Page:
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Caccini called his strophic, or stanza-form, songs arie singular aria. Most serious strophic songs published in Italy after were called arias, and in the form made its way….
The ideas and techniques conceived by the Camerata spread rapidly over Italy and, subsequently, all over Europe. This work consists mainly of solo madrigals and arias and contains an important explanatory preface.
The madrigals show his new manner most clearly: an elegant and pliable vocal line, scrupulously following the inflections of the words and heightened…. The use of the word monody to designate an unaccompanied melodic line, properly called monophony, is confusing, despite its long tradition, especially in…. The New Music. The New Music work by Caccini. Learn about this topic in these articles: aria In aria … published Le nuove musiche The New Music , a collection of solo songs with continuo usually cello and harpsichord accompaniment.
Most serious strophic songs published in Italy after were called arias, and in the form made its way… Read More Baroque music.
Caccini: Le Nuove Musiche
Le nuove musiche "The New Musics" is a collection of monodies and songs for solo voice and basso continuo by the composer Giulio Caccini , published in Florence in July It is one of the earliest and most significant examples of music written in the early baroque style of the seconda pratica. It contains 12 madrigals and 10 arias. The volume was dedicated to Lorenzo Salviati and is dated February , stile fiorentino , stile comune ; it was to be published early in but the printer, Giulio Marescotti , died before publication was completed, and its release was delayed until July The introduction to this volume is probably the most clearly written description of the purpose, intent and correct performance of monody from the time. It includes musical examples of ornaments—for example, how a specific passage can be ornamented in several different ways, according to the precise emotion that the singer wishes to convey.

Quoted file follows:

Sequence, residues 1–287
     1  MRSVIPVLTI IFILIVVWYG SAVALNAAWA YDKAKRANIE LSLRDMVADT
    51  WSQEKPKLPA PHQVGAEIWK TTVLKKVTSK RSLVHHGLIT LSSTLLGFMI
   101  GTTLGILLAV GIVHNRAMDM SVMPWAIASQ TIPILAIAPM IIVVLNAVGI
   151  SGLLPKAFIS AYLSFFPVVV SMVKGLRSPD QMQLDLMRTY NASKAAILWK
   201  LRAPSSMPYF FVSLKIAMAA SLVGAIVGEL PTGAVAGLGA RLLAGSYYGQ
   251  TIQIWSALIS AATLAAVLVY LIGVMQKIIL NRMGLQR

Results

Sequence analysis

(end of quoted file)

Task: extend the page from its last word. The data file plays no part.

Le nuove musiche (Caccini, Giulio)
As every student of music history knows, it is a collection of solo songs composed over some two decades. Presciently, as if its author was unconsciously aware of its epoch-making importance, the volume was preceded by a lengthy forward that is part manifesto, part singing tutor that is essential study for any singer aspiring to sing the vocal music of the 17th century. Basically the songs fall into one of two forms: strophic songs with a number of verses, often punctuated by an intervening ritornello, and freer structures, sometimes in several sections responding to the verse. He also has much to say on ornamentation, in particular the trill, repeated note decoration, and gruppo, which more closely resembles the later Baroque trill. So how do these performances by the Italian tenor Riccardo Pisani measure up to such tutoring?